But, even this is still not enough to explain the fury expressed in these cases. Or rather, perhaps it’s possible to help us understand the doctors, whose honour might be damaged, but certainly not the judges. In fact, last Saturday the judges called to decide on the place where Indi should die, seemed like ferocious wolves from whose mouth someone was trying to snatch the prey they had already conquered. It was a dramatic hearing, which we gave a summary, which resulted in a long and harsh indictment against the lawyers who defended the reasons of Indi's parents: a serious intimidation against those who dared to hinder the prepared plan, who delayed with their opposition a fate already decided. So, why did the judges care so much that Indi didn’t survive?
Let's also add the ideological element, a petty vision of the meaning of life, reduced to a pure efficiency criterion: if the quality of life falls below a certain level then it becomes useless, it's not worth living, it's just a burden for society and therefore it must be eliminated. Certainly, the doctors and judges in question think so, but can all this really be enough to justify such ferocity? To the point that even the police have to get involved, as happened for Alfie, to ensure that nothing else stands in the way of the death sentence being executed?
After having followed many cases of this kind, all these reasons - ideology, conception of the State, corporate pride - still do not appear sufficient to us. There is something that escapes reasoning and which cannot be seen on the surface, perhaps some unspeakable reason. We are obviously unable to go beyond this sensation, but this stubborn desire for death cannot help but make us restless.
The mother of Charlie Gard, the first of the children considered incurable and killed by the British Health Service, speaks to the Daily Compass: "We parents are left with a sense of guilt for not having been able to save our children." "In court doctors lie but the judges believe them." “We must continue to fight to stop other families having to experience what we went through.”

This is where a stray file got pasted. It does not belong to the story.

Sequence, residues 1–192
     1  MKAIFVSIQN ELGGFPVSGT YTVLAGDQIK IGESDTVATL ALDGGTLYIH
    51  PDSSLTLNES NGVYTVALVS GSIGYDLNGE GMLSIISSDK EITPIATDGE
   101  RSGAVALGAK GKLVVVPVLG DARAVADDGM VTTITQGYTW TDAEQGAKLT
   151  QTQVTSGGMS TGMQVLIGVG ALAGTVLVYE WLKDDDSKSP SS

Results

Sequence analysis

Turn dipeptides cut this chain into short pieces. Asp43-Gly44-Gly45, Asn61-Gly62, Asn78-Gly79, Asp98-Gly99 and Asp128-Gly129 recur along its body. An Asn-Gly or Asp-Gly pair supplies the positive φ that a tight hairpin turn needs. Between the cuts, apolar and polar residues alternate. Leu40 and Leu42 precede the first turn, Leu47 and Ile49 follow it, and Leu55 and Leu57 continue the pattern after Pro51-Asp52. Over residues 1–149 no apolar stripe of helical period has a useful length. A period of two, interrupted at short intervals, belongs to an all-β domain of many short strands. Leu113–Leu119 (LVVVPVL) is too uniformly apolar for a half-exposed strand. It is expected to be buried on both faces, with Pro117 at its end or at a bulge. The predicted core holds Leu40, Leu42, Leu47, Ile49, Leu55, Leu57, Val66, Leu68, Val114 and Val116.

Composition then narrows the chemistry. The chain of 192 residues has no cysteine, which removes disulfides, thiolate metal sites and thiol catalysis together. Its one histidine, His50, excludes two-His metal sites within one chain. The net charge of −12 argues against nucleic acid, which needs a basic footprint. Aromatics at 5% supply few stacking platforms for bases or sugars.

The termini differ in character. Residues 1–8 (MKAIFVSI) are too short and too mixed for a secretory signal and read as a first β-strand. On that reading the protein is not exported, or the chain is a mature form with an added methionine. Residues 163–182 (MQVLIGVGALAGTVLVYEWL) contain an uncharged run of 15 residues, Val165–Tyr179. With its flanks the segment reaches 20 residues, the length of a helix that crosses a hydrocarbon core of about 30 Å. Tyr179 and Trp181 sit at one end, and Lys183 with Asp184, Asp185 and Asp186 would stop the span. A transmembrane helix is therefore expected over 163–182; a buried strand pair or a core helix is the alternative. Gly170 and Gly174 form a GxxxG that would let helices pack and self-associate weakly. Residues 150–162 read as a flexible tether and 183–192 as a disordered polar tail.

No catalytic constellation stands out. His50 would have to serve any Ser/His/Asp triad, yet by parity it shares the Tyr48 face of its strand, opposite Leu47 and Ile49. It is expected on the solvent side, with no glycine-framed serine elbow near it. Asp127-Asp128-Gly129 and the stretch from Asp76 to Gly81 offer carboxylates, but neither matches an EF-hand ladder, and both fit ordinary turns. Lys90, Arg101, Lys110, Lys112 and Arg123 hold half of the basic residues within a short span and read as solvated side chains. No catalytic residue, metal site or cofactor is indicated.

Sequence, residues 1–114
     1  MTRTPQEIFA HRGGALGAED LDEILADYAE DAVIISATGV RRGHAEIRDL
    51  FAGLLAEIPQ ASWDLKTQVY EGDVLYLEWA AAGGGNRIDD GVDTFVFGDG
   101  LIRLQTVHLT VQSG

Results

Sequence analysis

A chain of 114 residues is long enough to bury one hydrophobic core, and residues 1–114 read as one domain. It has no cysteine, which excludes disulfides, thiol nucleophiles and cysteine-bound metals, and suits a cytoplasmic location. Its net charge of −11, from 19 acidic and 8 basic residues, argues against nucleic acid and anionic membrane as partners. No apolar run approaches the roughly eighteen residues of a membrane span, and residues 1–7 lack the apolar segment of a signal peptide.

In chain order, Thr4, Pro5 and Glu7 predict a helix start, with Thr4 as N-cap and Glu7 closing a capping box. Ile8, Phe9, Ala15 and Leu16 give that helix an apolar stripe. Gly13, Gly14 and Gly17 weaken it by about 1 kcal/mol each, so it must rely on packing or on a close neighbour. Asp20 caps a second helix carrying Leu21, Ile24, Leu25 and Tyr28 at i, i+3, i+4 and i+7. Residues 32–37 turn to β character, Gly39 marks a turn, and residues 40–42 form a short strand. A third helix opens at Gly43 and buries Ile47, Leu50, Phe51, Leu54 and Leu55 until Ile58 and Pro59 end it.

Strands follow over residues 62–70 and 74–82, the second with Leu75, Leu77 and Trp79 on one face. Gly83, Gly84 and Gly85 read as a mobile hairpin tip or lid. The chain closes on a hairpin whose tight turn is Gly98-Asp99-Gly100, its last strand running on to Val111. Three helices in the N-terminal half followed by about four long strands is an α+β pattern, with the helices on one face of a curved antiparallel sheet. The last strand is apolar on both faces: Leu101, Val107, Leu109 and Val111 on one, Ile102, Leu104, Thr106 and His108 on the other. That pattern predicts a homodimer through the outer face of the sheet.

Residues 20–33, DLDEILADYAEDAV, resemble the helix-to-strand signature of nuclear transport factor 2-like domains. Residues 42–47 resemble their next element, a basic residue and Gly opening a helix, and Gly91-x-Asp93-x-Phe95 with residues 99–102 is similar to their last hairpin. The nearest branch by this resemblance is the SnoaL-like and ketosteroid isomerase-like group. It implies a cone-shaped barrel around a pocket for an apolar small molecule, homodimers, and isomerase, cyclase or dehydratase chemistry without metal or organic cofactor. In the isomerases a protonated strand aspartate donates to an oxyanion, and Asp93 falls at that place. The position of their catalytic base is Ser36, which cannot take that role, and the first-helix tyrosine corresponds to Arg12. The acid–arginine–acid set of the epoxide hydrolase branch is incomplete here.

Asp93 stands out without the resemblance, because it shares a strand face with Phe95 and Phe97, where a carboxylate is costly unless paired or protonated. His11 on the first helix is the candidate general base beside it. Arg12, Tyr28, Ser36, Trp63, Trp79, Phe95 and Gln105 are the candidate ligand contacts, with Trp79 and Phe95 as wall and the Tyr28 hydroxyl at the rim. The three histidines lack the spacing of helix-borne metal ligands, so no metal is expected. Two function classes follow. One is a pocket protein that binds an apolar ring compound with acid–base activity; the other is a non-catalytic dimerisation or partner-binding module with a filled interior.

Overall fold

Indi Gregory died early this morning at 1.45 am (2.45 am in Italy). At midnight yesterday, her father Dean Gregory had sent a final reassuring message to the Daily Compass stating Indi’s condition was stable and she seemed to have overcome the first critical hours following the extubation. Here is the story of Indi's last hours in the hospice in the words of her father given exclusively to the Daily Compass.
Despite the hope generated by the granting of Italian citizenship, the road to save the 8-month-old English baby girl that doctors and judges have decided should die, remains uphill. But the dignity of the person demands that the battle for life be fought to the end.
A glimmer of hope has been rekindled for Indi Gregory, the critically ill 8-month-old girl whose life support could be removed by doctors today: the Italian government has granted her Italian citizenship to facilitate a possible transfer to the Bambin Gesù in Rome. Indi's father, Dean Gregory, has delivered a message of gratitude to the Daily Compass to thank Italy for everything it is doing to save his daughter’s life. In an exclusive interview, he says: 'In court I saw hell, that's why I had my daughter baptised'.
- Eight month Indi Gregory is England’s latest "end of life" victim, by Patricia Gooding Williams